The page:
Rev. Brandon W. Koble

Rev. Koble is pastor and headmaster at Trinity Lutheran Church and Classical High School in West Allis, WI, and pastor at Oklahoma Avenue Lutheran Church in Milwaukee.

A student’s four years at college are some of the most formative years of a young adult’s life. As important as our upbringing is in the home, the culture surrounding young adults after they leave the home will shape how they use the tools their parents have given them. We see in most colleges and universities a shift away from the faith given in the home to a humanistic and relativistic, secular faith. Instead of cultivating character and virtue, most of our academic institutions today consciously rebel against the tenets of the Christian faith and cause our children to abandon that which has been passed down to them through the many years of family devotions and participation in the Divine Service.

How you answer the question, “What is the purpose of education?” drives how you view the manner in which students should be educated. If the purpose is utilitarian, then the delivery of useful skills so that students can get a good job and live comfortably is good enough. A university does not need to be Christian, let alone Lutheran, to accomplish this task. But if we believe that the purpose of education is to deliver the fullness of God’s natural and revealed knowledge, acknowledging that all knowledge comes from Him and reveals something about Him, then how we teach and the people we surround ourselves with during this endeavor is essential.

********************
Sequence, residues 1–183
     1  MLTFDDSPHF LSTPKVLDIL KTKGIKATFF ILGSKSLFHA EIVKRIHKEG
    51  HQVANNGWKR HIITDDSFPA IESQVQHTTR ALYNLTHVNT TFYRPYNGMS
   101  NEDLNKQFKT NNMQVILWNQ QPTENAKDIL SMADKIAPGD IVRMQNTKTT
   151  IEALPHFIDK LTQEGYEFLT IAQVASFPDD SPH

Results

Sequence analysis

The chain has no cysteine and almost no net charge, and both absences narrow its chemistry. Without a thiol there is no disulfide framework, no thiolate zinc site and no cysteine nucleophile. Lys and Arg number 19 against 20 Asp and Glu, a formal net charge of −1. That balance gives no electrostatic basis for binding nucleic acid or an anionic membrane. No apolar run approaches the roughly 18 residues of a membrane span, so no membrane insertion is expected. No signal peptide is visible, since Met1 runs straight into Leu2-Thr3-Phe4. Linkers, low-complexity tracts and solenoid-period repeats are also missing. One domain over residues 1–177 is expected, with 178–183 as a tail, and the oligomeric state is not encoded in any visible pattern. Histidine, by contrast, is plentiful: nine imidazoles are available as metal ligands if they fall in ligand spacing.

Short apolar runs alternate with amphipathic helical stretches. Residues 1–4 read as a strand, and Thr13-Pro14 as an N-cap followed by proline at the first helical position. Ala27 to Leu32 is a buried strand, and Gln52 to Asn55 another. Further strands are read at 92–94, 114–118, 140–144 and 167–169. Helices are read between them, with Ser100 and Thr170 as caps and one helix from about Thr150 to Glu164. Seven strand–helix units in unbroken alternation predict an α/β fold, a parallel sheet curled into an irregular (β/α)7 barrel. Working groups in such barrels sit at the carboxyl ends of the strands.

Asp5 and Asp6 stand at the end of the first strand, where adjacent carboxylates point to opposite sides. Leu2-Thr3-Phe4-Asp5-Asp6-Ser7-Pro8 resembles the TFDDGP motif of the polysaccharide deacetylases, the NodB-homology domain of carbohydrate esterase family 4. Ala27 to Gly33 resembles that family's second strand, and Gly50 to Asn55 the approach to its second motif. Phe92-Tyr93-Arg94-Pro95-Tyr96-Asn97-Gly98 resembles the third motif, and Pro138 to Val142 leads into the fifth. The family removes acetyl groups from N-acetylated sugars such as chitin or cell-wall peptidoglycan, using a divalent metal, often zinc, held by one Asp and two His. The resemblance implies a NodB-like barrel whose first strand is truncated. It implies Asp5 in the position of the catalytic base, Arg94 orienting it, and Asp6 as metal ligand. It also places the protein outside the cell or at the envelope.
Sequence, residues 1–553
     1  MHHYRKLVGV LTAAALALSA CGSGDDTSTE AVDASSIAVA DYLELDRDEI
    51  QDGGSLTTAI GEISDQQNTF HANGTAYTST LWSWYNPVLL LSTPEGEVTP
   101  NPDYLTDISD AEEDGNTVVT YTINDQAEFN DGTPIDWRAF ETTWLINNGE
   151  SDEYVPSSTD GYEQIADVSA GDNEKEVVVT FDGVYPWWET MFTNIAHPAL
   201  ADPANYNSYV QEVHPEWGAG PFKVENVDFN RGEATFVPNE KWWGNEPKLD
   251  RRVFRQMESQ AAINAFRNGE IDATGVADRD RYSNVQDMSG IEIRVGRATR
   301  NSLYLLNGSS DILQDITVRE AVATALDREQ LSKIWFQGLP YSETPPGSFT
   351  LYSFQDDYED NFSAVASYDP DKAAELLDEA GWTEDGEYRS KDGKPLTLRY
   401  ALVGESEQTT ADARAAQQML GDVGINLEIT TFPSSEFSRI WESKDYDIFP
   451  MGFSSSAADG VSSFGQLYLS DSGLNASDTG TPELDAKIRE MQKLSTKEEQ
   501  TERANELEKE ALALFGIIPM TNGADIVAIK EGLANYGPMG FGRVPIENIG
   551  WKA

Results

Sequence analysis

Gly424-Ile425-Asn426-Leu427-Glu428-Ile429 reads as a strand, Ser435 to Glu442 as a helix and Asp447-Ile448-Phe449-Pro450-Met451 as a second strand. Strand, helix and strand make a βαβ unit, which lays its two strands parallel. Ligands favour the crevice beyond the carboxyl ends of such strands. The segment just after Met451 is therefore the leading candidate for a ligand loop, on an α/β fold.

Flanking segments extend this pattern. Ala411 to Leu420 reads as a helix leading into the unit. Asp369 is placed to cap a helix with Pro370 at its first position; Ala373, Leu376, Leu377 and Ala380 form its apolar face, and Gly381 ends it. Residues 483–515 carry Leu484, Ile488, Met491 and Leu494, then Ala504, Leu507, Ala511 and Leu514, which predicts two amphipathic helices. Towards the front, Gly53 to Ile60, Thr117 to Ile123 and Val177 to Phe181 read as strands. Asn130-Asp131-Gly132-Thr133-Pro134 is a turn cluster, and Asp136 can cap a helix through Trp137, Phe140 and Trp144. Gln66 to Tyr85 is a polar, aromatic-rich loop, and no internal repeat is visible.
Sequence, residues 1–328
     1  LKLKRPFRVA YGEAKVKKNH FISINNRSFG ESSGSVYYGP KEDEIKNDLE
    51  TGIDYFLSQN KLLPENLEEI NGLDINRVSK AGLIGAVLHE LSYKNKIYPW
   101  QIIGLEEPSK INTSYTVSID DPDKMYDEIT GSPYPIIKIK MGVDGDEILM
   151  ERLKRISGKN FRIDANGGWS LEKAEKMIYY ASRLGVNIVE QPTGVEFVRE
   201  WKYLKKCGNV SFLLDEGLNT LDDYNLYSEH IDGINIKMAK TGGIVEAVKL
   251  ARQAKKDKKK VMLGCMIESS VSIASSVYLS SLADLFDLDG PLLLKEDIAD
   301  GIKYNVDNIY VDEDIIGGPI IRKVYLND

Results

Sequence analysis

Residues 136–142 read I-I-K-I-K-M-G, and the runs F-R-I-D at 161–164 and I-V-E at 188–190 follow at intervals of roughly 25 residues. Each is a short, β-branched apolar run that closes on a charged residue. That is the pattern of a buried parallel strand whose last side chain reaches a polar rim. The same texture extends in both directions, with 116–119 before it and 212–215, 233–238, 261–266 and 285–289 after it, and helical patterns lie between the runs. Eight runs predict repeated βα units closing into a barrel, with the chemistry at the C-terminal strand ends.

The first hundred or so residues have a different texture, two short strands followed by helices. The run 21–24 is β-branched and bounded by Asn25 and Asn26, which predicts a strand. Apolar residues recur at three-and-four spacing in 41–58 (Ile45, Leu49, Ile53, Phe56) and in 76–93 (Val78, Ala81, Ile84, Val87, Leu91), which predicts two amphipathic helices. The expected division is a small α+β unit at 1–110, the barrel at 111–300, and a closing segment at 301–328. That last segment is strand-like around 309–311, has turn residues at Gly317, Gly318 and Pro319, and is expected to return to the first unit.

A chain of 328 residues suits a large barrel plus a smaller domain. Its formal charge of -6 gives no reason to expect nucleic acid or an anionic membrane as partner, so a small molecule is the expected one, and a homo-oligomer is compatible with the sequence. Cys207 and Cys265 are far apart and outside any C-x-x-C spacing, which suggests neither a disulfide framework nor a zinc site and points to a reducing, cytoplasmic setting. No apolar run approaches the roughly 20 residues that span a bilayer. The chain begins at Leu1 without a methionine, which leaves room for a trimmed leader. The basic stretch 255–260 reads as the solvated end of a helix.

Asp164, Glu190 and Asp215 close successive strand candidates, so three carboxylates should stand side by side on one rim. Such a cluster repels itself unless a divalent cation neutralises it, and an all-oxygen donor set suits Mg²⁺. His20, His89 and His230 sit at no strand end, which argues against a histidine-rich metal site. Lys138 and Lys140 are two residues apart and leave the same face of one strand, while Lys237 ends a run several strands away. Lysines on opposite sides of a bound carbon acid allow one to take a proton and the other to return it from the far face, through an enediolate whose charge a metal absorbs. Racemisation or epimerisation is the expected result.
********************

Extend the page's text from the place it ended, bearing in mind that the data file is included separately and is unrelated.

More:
The culture of a university or college matters. It shapes the worldview of the students who attend these institutions. John Donne, in his famous poem No Man is an Island wrote, “No man is an island entire of itself; every man is a piece of the continent, a part of the main.” While Donne is speaking in this poem about how the death of one affects us all, his point that we are connected and have an effect on one another applies more broadly. Who we surround ourselves with during our time of formation matters. A college that has chosen to be decidedly Lutheran may be derided as being too insular: ignorant or uninterested in other cultures, peoples, and ideas. Yet, a focus on and adherence to Lutheran doctrine does not imply disinterest in other things. A genuine Lutheran culture means we encounter those other cultures, peoples, and ideas through a decidedly Lutheran worldview. And we approach this great task together, surrounded by brothers and sisters who share the same worldview and beliefs as we do.

The delivery of this worldview and Lutheran culture is precisely what Luther Classical College seeks to do. Through the reading of great books that have withstood the test of time, a student is introduced to many cultures, peoples, and ideas through a Lutheran lens. The students learn to interact with the complexities of human life by encountering and comparing those ideas to the Word of God, which always acts as our foundation. And they do so in an environment that seeks to order their opinions and views according to this same Word of God.